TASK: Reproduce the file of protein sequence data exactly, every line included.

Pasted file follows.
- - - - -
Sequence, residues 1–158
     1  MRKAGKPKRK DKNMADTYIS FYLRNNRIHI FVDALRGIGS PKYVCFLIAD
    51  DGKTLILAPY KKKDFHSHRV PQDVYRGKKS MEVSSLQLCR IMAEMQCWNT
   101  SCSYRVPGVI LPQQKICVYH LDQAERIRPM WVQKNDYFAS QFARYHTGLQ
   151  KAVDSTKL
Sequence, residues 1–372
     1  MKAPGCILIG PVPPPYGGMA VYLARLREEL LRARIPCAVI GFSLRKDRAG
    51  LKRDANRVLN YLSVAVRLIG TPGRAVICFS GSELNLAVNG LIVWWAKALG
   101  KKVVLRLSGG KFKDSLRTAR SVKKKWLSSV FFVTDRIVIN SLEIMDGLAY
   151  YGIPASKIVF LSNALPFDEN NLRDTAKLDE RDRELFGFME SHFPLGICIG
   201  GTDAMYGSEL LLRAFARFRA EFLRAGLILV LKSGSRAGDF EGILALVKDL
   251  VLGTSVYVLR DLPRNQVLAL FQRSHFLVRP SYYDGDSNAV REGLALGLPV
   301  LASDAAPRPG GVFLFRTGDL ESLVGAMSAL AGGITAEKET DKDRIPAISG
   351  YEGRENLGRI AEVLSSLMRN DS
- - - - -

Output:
Sequence, residues 1–158
     1  MRKAGKPKRK DKNMADTYIS FYLRNNRIHI FVDALRGIGS PKYVCFLIAD
    51  DGKTLILAPY KKKDFHSHRV PQDVYRGKKS MEVSSLQLCR IMAEMQCWNT
   101  SCSYRVPGVI LPQQKICVYH LDQAERIRPM WVQKNDYFAS QFARYHTGLQ
   151  KAVDSTKL
Sequence, residues 1–372
     1  MKAPGCILIG PVPPPYGGMA VYLARLREEL LRARIPCAVI GFSLRKDRAG
    51  LKRDANRVLN YLSVAVRLIG TPGRAVICFS GSELNLAVNG LIVWWAKALG
   101  KKVVLRLSGG KFKDSLRTAR SVKKKWLSSV FFVTDRIVIN SLEIMDGLAY
   151  YGIPASKIVF LSNALPFDEN NLRDTAKLDE RDRELFGFME SHFPLGICIG
   201  GTDAMYGSEL LLRAFARFRA EFLRAGLILV LKSGSRAGDF EGILALVKDL
   251  VLGTSVYVLR DLPRNQVLAL FQRSHFLVRP SYYDGDSNAV REGLALGLPV
   301  LASDAAPRPG GVFLFRTGDL ESLVGAMSAL AGGITAEKET DKDRIPAISG
   351  YEGRENLGRI AEVLSSLMRN DS